By Laura Zilverberg
Writer, editor, and volunteer with MN350's Communications Team

The COVID-19 pandemic has fully illuminated the inequities we face as a society and the ways those systemic problems disproportionately impact people of color and vulnerable communities, including people experiencing homelessness or incarceration. As Minnesotans seek to not only protect our neighbors but emerge from this pandemic through a just transition, we can learn many lessons about caring for one another while facing the long-term climate crisis. Hope can be found in the mutual aid programs and groups spreading across Minnesota and the country.

Even with a Green New Deal and systemic changes to mitigate climate change, we must still care for our communities. Mutual aid, a transparent exchange in which communities offer goods or assistance to one another for mutual benefit, offers a path forward without relying on the companies that are putting profits before people.

Mutual aid groups aren’t new: They were commonplace for past generations and within immigrant communities looking to help newcomers adjust to life in their new home. But they’ve seen a resurgence in recent months as the pandemic has exposed the system’s shortcomings when it comes to meeting the needs of people. Following the murder of George Floyd, local communities began creating mutual aid networks to connect people to resources following the protests.

The groups work by connecting those in need with those who can meet those needs. People simply ask for help and if someone can provide, they are matched together.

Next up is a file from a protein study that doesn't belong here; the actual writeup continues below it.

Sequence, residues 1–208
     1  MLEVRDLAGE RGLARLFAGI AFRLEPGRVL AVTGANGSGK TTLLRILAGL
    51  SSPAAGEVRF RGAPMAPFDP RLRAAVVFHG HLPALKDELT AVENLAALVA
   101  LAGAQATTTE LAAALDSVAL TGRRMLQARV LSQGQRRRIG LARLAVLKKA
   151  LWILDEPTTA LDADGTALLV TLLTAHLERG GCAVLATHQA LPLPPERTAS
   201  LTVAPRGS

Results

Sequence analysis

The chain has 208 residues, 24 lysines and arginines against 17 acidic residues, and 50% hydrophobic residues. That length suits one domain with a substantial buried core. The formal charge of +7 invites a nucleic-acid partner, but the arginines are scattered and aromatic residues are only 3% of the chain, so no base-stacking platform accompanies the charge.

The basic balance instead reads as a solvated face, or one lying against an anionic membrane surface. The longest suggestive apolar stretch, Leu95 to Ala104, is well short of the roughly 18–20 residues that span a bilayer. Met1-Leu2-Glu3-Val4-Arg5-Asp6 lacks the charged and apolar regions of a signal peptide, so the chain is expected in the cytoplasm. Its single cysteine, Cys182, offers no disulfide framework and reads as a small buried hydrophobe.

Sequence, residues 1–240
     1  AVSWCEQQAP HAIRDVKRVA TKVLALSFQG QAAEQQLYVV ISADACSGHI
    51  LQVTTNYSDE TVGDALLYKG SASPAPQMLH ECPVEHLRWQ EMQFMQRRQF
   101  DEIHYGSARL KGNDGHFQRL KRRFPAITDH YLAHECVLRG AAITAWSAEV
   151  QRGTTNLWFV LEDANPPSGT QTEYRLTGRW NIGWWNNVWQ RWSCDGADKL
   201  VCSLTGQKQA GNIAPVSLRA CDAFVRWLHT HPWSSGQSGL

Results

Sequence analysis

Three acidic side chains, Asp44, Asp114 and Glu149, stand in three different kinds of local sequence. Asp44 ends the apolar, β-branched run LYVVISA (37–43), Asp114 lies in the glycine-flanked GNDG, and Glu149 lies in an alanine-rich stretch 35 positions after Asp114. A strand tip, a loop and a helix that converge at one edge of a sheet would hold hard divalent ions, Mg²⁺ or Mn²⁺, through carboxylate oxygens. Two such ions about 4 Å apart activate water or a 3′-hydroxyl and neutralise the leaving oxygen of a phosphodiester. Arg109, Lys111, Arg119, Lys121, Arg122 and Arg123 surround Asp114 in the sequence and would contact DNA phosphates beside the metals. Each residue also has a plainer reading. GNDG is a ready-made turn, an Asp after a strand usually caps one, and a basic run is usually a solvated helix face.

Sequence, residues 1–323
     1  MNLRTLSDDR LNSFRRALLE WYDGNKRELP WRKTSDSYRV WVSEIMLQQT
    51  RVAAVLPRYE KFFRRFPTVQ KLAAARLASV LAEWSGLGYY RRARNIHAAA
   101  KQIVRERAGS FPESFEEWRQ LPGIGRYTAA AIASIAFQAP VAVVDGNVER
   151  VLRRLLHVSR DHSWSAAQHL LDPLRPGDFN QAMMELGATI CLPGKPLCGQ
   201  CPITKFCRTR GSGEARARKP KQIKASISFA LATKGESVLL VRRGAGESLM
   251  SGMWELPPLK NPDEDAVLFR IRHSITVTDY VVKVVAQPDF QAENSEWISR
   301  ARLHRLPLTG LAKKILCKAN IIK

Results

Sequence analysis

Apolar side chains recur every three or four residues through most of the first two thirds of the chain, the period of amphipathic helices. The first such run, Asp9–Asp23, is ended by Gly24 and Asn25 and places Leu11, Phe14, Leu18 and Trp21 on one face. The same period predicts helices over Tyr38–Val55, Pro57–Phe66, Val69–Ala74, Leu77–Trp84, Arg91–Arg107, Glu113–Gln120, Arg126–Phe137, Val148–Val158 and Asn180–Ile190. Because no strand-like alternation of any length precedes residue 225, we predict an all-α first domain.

A just recovery from coronavirus puts people first, and a plan for climate change must do the same. Mutual aid and related community-building groups like Buy Nothing Groups, Freecycle, or produce/food sharing groups could help build a world where we can all thrive while simultaneously reducing our impact on the world. Instead of “same-day shipping” and a throwaway culture, we can receive gifts with gratitude, we can borrow from our neighbors, and we can build more community.

We often talk about the downfalls of focusing too much on individual actions, but this is an example of individuals coming together to create a collective change in how we think about resources and waste, and it certainly gives me hope. It’s not about charity, but rather about people helping people.

To learn more, check out some of these other groups and organizations operating in Minnesota and across the country:

You can also support the MN350 Frontline Fund, which makes direct investments in frontline community action for climate justice. When you donate to MN350 today, half of your gift will support the Frontline Fund.

The remaining half of your donation will help sustain our amazing staff to organize volunteer leaders and bring our climate justice message to every corner of the state. This year represents a movement moment, and Minnesota can be the turning point for stopping the impending climate catastrophe. We need your help to fight even harder for transformative change.

Laura Zilverberg is a public relations professional, volunteer with MN350, and mother of two. She used to be an avid runner and plans to be again once her kids sleep through the night. She enjoys reading and channeling her dread about climate change into baked goods, gardening, and blog posts.